Dear Crabby,

My name is Bernice and I’m the office manager at a small scrap recycling business.  

At first blush, scrap recycling probably doesn’t sound too exciting, but our specialty is the retrieval of large elevator motors and generators which contain significant amounts of silver and copper, both precious metals.

In our business, we not only remove the metals from the equipment, but we also process them to make them into a raw material that can be more readily used for manufacturing. As a result, we have created a nice niche within the scrap metal industry that sells a recycled product that is virtually ready for reuse.

For decades we have concentrated on selling our recycled scrap metals to established customers within the US market. We have shipped on credit at net 30 days and have been paid with a check. I think over the past twenty years we have had only a couple of small bad debts.

But recently we received an inquiry from a very large reputable scrap buyer in Germany who is interested in our finished product for resale and willing to pay much more than market price. We have been negotiating various credit and payment terms which are new to me and one of them is to be paid in cryptocurrency. I don’t have a clue about this payment method and the prefix, “crypto,” scares me. I do know about Letters of Credit and I’m willing to go that far, but I’m also thinking that maybe I’m missing the boat by not accepting a new payment method.

How familiar are you with cryptocurrency and is this payment method something that I should get on board with?

Signed: Afraid of the word “crypto”

Dear Crypto,

Your letter was particularly interesting to me because I believe that most credit risk management professionals are not familiar with cryptocurrencies.  

In fact, after getting your letter, I needed to consult with a few major players in the scrap metal recycling industry to get a handle on what they are doing with cryptocurrency.

First, the scrap recycling industry has started exploring the use of cryptocurrency to enhance various aspects of the business.

Secondly, let me give you some important definitions.

Cryptocurrency is a type of digital or virtual currency that uses cryptography for security. Unlike traditional currencies such as dollars or euros, cryptocurrencies operate on decentralized networks based on blockchain technology.

Cryptography is the practice and study of techniques for securing communication and data from third parties or adversaries. It involves the use of mathematical algorithms and computational techniques to transform information into a form that is unintelligible to anyone except the intended recipient. The primary goal of cryptography is to ensure secure communication and protect the confidentiality, integrity, and authenticity of data.

Blockchain technology is a distributed ledger that records all transactions across a network of computers. Each transaction is stored in a “block,” and these blocks are linked together in a chronological chain. This technology ensures the integrity and transparency of transactions.

With the latter in mind, here’s how the scrap recycling industry is incorporating cryptocurrency into its transactions:

Transparency and Traceability: Blockchain technology can provide transparency and traceability to the scrap recycling process. By recording transactions and movements of scrap materials on a blockchain, stakeholders can trace the origin, processing, and distribution of recycled materials. This transparency helps in ensuring the authenticity of recycled goods and promotes ethical recycling practices.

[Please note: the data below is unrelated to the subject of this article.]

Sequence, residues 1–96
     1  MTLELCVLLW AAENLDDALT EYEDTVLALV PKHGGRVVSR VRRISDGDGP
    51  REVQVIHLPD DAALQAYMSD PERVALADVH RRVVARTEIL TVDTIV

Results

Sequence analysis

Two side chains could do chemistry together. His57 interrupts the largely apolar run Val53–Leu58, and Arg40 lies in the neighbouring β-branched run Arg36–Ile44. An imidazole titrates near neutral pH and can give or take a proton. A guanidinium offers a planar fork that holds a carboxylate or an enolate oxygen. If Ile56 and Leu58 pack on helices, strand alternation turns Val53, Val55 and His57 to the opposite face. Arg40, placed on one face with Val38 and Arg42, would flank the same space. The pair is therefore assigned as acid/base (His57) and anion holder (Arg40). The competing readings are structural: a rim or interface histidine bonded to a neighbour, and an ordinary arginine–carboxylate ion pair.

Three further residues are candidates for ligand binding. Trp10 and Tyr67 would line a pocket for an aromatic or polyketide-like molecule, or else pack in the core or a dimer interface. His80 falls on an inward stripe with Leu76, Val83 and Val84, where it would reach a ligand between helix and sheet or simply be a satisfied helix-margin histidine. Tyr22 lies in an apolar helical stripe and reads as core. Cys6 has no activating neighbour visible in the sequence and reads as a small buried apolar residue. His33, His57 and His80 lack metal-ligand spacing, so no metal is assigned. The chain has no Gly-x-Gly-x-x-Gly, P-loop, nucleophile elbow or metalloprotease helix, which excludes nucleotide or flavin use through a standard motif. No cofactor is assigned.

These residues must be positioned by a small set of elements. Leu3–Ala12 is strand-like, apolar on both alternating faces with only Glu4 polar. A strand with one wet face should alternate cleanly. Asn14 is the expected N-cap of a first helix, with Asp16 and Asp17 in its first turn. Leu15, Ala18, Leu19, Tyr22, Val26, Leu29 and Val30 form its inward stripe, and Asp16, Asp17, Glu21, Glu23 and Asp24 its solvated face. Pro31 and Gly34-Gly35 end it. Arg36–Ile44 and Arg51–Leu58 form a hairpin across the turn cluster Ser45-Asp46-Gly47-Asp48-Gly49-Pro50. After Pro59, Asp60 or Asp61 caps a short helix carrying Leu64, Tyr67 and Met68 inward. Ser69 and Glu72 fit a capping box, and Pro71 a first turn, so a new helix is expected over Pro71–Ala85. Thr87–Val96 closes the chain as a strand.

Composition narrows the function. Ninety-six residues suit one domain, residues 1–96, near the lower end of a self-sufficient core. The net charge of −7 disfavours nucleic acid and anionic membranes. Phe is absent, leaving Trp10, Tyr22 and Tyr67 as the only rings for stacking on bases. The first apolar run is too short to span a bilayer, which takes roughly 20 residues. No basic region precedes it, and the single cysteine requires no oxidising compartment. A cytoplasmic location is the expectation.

Supply Chain Management: Blockchain technology can streamline the supply chain management in the scrap recycling industry. It allows different parties involved in the recycling process, such as collectors, processors, and manufacturers, to share data securely and in real-time. This transparency and efficiency in supply chain management can lead to reduced fraud, errors, and delays.

Payments and Transactions: Some scrap recycling businesses have started accepting cryptocurrencies as a form of payment for scrap materials. Cryptocurrencies offer a secure and efficient way to conduct cross-border transactions, making it easier for international buyers and sellers in the scrap industry.

Smart Contracts: Smart contracts, which are self-executing contracts with the terms of the agreement between buyer and seller directly written into lines of code, can automate various processes in the scrap recycling business. For example, smart contracts can automate payments when certain conditions, such as the delivery of a specific quantity of scrap material, are met.

While the adoption of cryptocurrency and blockchain technology in the scrap recycling industry is still in its early stages, these technologies offer promising solutions to some of the challenges faced by the industry, such as transparency, traceability, and efficient transactions. As the technology matures, more recycling businesses might explore and adopt these solutions to enhance their operations.

Since I know the above is a lot to digest, I would take your time and do plenty of research to see if this payment method would not only fit the current potential transaction out of Germany, but other future domestic and international transactions as well. From what I’ve read and gathered, it will most likely be the payment method of the future.

Please let me know what happens.


Dear Crabby is a credit, collection, and human resources advice column by Nancy Seiverd President CMI Credit Mediators Inc. Your thoughts and comments ( are most welcome!

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